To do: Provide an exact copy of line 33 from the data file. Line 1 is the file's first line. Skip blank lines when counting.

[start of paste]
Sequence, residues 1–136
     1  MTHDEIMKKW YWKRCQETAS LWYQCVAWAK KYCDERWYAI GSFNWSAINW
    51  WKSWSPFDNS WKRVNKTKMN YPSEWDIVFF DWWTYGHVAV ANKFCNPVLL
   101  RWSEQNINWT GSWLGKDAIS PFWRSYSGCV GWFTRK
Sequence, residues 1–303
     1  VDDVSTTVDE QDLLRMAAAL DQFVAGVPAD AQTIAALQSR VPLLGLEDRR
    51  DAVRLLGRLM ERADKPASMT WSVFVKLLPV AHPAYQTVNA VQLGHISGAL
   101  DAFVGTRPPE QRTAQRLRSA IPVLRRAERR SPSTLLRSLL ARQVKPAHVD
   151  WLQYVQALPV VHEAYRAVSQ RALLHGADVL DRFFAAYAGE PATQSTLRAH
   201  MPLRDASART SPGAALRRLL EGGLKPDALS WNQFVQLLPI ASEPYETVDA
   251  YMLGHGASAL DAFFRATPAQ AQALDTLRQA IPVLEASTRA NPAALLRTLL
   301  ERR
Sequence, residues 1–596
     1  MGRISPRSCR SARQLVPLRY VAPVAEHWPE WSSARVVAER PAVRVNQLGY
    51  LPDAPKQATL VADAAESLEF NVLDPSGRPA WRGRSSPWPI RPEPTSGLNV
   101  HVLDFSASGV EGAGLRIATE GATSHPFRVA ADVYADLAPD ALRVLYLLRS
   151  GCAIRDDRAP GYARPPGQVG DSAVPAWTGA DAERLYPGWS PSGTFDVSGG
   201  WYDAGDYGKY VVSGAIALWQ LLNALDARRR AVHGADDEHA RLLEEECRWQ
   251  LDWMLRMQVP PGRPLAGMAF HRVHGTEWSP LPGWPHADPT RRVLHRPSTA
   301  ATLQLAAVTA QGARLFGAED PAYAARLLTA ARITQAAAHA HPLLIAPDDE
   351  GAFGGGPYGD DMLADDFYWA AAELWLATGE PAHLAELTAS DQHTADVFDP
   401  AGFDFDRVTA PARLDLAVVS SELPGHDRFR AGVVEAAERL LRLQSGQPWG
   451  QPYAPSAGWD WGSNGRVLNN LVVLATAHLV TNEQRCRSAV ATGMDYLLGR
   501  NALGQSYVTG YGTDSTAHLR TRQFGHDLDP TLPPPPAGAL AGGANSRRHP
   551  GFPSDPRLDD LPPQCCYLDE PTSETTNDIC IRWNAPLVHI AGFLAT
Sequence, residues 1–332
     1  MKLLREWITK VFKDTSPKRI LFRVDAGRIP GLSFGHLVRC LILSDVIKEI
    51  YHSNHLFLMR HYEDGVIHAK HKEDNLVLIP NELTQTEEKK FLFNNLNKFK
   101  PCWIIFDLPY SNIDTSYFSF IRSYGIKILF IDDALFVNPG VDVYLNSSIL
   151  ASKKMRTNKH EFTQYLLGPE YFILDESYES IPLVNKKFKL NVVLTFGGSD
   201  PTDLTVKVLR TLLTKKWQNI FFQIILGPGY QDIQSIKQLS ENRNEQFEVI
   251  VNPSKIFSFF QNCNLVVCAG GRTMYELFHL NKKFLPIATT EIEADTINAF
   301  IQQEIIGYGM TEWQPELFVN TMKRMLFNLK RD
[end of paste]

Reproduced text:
   301  IQQEIIGYGM TEWQPELFVN TMKRMLFNLK RD